Hey'a readers/writers/random people! There was an overwhelming response to my last post, for which I am very thankful, and one of the topics that started being discussed was characters. What makes a good hero, villains, and where characters come from. Seeing as how this is a very good topic I thought I'd blog on it.
All stories, fiction or nonfiction, fantasy or otherwise, are about characters. Stories are about who characters are, what they want, and how they get or do not get what they want. Every story. And as characters are the most central part of any story, they are likewise the most important part of writing a story.
So what makes a good hero? There have been all types that have had success--underdogs, super-humans, average people, and probably more. What kind of traits make characters believable, and lovable?
My favorite characters and stories involve things that should never happen. Like Frodo Baggins, he's just a hobbit...there's no way he should have been able to waltz into Mount Doom and destroy the Ring. But he did.
I guess my favorite characters are the underdogs faced with impossible tasks.
And why does this resonate with us? Because we feel like them. We all feel like underdogs faced with impossible tasks at some point in our lives. And through faith in something stronger we overcome these impossibilities. These are the stories that stick with us, and the characters as well.
Here's my list of most common traits for a hero;
But what if you can't write like this? What if you aren't that creative (like most writers)?
Basically what I'm asking is where do you get your characters from?
Mine, in TSOF, typically come from combining characteristics of real life friends. My current project, as with most first projects, has a main character much like myself and supporting characters much like my friends. But the thing is, no one wants to read an allegory of your life--unless its really interesting. Your characters need to be new, and yet real.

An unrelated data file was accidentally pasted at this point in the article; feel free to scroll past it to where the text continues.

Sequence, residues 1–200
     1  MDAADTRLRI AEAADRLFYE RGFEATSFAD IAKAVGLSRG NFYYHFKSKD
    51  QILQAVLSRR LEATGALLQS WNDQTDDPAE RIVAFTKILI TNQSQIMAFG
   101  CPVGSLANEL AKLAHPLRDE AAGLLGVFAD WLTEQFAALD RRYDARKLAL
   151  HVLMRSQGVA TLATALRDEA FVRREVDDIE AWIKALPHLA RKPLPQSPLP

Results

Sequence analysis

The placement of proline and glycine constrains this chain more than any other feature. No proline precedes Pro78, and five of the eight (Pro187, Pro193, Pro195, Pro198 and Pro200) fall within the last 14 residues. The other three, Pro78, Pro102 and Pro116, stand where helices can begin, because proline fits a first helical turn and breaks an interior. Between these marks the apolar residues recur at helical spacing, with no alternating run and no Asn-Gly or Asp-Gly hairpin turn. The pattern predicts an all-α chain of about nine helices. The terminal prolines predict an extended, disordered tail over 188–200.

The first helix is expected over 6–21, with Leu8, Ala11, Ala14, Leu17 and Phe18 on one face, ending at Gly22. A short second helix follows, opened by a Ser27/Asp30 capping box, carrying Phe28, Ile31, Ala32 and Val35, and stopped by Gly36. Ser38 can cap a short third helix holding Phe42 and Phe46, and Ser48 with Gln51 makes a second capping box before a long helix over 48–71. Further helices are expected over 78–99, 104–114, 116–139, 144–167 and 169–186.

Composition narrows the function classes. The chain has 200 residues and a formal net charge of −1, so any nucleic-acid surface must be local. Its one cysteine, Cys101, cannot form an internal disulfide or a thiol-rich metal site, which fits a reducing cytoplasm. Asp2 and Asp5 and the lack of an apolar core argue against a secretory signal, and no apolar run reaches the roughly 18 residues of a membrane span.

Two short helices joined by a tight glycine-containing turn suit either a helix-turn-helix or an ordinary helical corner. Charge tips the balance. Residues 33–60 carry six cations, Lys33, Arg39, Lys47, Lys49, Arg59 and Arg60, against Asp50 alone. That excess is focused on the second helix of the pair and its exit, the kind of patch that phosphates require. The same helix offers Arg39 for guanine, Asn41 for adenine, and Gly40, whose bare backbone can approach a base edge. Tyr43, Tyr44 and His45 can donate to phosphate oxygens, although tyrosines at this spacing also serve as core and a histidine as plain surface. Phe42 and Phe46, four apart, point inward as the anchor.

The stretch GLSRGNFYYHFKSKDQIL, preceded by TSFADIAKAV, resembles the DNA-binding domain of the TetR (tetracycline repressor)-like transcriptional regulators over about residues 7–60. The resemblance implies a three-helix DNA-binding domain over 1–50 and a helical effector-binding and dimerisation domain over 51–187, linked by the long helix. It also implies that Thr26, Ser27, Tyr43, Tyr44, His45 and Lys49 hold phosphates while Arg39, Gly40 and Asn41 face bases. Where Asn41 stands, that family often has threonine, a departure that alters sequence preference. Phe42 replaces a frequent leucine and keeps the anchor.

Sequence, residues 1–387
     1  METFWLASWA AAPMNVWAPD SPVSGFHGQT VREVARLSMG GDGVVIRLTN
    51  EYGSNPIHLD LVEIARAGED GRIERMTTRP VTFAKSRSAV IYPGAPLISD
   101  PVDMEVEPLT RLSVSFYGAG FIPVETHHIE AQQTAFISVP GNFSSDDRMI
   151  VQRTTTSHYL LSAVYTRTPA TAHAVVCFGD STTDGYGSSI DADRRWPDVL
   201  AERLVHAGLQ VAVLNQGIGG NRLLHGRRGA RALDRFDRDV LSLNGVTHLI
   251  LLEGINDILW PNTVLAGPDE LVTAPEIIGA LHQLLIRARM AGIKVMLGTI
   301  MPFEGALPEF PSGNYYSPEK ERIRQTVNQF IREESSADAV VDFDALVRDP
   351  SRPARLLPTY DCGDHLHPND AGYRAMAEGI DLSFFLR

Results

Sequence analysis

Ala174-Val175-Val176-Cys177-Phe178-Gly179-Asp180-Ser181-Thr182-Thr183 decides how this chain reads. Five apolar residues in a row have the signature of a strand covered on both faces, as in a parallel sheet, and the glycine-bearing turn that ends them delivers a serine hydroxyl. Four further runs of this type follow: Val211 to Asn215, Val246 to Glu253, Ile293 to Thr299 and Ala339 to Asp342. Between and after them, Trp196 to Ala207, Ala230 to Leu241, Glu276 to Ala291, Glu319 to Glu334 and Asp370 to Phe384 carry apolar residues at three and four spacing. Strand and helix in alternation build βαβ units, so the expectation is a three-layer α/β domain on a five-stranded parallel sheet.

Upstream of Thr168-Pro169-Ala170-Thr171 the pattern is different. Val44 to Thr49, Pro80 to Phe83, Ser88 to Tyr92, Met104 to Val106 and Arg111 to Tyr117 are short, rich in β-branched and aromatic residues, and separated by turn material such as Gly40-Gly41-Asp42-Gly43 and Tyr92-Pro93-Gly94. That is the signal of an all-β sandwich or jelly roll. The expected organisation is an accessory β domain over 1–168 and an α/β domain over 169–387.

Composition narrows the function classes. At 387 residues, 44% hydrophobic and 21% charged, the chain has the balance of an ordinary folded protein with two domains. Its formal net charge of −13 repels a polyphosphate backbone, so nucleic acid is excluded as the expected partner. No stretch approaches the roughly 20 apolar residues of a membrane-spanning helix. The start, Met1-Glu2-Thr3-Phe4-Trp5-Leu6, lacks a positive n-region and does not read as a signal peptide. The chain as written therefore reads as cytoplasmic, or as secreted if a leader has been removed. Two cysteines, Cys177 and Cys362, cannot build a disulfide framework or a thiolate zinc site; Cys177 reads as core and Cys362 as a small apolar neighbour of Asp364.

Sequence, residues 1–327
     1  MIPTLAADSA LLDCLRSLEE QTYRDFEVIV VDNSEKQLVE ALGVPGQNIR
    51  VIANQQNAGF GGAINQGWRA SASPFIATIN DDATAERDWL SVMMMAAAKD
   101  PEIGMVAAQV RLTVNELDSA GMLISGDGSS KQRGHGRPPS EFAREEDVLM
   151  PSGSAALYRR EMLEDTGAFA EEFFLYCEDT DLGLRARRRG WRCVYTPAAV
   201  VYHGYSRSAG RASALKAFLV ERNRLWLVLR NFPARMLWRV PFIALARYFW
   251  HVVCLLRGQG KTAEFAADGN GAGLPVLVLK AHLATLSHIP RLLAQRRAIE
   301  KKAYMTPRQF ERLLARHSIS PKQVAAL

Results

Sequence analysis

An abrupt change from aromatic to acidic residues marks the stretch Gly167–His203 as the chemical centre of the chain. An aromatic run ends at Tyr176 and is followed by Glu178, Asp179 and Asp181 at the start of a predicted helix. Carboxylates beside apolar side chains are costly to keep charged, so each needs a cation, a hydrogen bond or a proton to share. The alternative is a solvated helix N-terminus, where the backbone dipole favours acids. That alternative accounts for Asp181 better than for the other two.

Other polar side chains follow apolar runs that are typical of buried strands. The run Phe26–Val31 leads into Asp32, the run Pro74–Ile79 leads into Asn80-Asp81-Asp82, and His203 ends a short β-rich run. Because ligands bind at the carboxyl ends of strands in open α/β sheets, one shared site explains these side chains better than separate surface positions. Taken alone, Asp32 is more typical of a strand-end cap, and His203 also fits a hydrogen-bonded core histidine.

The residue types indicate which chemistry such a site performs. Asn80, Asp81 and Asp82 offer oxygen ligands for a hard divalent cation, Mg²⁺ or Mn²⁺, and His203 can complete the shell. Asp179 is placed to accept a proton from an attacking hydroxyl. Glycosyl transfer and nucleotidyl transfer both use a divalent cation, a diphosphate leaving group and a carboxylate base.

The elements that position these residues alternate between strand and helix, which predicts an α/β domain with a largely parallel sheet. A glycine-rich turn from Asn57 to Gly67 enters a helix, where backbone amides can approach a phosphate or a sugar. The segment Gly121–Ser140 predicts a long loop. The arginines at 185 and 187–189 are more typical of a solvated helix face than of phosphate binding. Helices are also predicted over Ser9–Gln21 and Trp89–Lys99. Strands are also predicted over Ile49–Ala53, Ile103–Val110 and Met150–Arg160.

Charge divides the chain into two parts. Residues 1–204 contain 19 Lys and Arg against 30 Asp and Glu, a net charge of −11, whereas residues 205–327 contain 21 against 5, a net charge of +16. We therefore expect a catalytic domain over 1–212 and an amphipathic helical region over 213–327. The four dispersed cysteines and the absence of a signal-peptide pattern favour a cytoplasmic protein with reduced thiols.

This is a difficult thing to balance. Creating entirely new people. People with histories, goals, dreams, hopes, pains, weaknesses, etc.
I find it easiest to steal from real life. Write a character with a history similar to your own, or someone you know. Snag personalities from multiple persons and make this person its own. And after the personality and story is set, the goals and dreams easily fall in line.
You following me? Steal from real life. Throw people together and make a new person. Or perhaps make characters symbolic of a trait--love (make a person who's life is centered around love), loyalty (make a Sam Gamgee character), and more.
So once you have your hero, you need to pit him/her against someone. A villain.
So what makes a good villain? Villains, honestly, are many people's favorite characters. They can define a story. You can have a perfect main character, and write such a bad villain that your story will be awful.
This is a skill hard for many people. Your villains need to be just as real as your hero, perhaps even more so. They need believable motives, readers in fact do need to identify with the bad guys. Because it adds so much more depth to the story. Some of the best stories are the ones where the reader is caught between the two sides--good and evil. Loving the villain but knowing he is evil. That's the goal. Make the reader feel for the villain, or at least understand him. You don't need to write a lovable villain. But write one that makes sense.
For example, a bad story would have a villain that wants to kill the main character...simply to kill the main character. There is no purpose in killing him. He just wants to kill him.
That's a bad character. The villain needs motives, just as much as a hero.
Now, it is commonly misunderstood that villains need to be wholly evil, detestable, ugly, dressed in black, etc etc. You know the picture. Think up the most cliche villain. That's what I'm talking about.
Instead of following this trend, write a seemingly good villain, enchantingly evil, handsome, donning shinning robes. Give your reader the same feeling as the hero. Fearful, but enchanted.
Naturally this varies between stories. But there really aren't rules in writing characters--they just need to be real. Sometimes cliche's work, but not often.
Make a villain that's wretchedly evil. But make your readers like him.
Make a hero with motives your readers understand, and terrorize his life.
So, here's what I'd like to talk about. Do you agree, disagree with what I said? Do you want to hear more on any of this? How do you make up characters? What are the most important traits of a hero/villain?
If this goes well I'll do a series of posts on types of characters. Even if it doesn't I just might. I like studying that :)
So, what do you think?